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Star cluster formation history along the minor axis of the Large Magellanic Cloud


Piatti, AE and Cole, AA and Emptage, B, Star cluster formation history along the minor axis of the Large Magellanic Cloud, Monthly Notices of the Royal Astronomical Society, 473, (1) pp. 105-115. ISSN 0035-8711 (2018) [Refereed Article]

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Copyright 2017 The Authors. Published by Oxford University Press on behalf of the Royal Astronomical Society. All rights reserved.

DOI: doi:10.1093/mnras/stx2418


We analysed Washington CMT1 photometry of star clusters located along the minor axis of the Large Magellanic Cloud (LMC), from the LMC optical centre up to ∼39° outwards to the North-West. The data base was exploited in order to search for new star cluster candidates, to produce cluster CMDs cleaned from field star contamination and to derive age estimates for a statistically complete cluster sample. We confirmed that 146 star cluster candidates are genuine physical systems, and concluded that an overall ∼30 per cent of catalogued clusters in the surveyed regions are unlikely to be true physical systems. We did not find any new cluster candidates in the outskirts of the LMC (deprojected distance ≳ 8°). The derived ages of the studied clusters are in the range 7.2 < log(t yr-1) ≤ 9.4, with the sole exception of the globular cluster NGC 1786 (log(t yr-1) = 10.10). We also calculated the cluster frequency for each region, from which we confirmed previously proposed outside-in formation scenarios. In addition, we found that the outer LMC fields show a sudden episode of cluster formation (log(t yr-1) ∼7.8-7.9) which continued until log(t yr-1) ∼7.3 only in the outermost LMC region. We link these features to the first pericentre passage of the LMC to the Milky Way (MW), which could have triggered cluster formation due to ram pressure interaction between the LMC and MW halo.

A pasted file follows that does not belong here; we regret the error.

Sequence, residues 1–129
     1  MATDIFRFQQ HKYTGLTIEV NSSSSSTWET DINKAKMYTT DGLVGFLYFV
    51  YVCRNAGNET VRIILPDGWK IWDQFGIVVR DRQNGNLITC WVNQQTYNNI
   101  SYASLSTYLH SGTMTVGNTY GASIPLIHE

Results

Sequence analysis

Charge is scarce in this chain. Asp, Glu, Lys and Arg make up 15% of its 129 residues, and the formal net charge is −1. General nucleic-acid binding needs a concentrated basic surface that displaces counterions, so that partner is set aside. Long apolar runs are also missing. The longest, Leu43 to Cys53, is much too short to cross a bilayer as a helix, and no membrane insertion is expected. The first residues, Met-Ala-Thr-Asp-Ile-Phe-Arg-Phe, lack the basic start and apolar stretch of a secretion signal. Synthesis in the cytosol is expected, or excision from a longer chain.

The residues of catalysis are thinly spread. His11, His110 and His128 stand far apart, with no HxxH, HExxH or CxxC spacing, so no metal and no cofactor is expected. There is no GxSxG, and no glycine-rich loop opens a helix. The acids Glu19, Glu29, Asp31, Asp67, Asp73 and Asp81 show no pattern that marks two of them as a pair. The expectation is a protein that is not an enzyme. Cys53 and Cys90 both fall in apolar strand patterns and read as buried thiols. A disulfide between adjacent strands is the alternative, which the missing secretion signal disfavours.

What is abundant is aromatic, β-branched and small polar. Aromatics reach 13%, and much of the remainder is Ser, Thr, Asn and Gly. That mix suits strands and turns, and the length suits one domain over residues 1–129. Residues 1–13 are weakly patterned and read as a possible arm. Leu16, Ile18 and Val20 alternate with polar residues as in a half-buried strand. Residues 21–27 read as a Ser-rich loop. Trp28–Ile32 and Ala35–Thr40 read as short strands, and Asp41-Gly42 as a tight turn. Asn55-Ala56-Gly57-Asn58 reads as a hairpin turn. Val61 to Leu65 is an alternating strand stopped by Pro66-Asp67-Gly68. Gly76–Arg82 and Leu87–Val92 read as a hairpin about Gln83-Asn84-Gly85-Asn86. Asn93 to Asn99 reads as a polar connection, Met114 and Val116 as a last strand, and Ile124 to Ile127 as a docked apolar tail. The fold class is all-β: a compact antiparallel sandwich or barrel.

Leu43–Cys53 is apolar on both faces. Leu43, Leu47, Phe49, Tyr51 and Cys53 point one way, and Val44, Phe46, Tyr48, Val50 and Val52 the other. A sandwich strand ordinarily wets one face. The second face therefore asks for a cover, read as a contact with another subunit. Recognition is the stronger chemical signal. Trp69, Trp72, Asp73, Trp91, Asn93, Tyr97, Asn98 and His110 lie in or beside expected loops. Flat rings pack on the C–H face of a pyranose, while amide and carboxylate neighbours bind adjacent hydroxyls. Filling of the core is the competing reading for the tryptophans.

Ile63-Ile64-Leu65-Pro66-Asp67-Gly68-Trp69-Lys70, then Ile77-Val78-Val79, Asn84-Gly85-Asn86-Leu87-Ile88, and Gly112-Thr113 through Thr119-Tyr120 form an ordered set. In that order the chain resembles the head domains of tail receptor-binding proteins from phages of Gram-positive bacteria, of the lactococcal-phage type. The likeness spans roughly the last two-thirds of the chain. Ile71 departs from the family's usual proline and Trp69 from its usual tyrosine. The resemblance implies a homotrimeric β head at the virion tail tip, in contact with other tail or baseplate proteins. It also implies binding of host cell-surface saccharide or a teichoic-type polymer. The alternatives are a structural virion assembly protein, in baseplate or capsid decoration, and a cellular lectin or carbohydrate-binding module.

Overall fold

Item Details

Item Type:Refereed Article
Keywords:galaxies, individual: LMC–galaxies, star clusters
Research Division:Physical Sciences
Research Group:Astronomical sciences
Research Field:Galactic astronomy
Objective Division:Expanding Knowledge
Objective Group:Expanding knowledge
Objective Field:Expanding knowledge in the physical sciences
UTAS Author:Cole, AA (Professor Andrew Cole)
UTAS Author:Emptage, B (Mr Bryn Emptage)
ID Code:123470
Year Published:2018
Web of Science® Times Cited:19
Deposited By:Mathematics and Physics
Deposited On:2018-01-09
Last Modified:2019-02-27
Downloads:81 View Download Statistics

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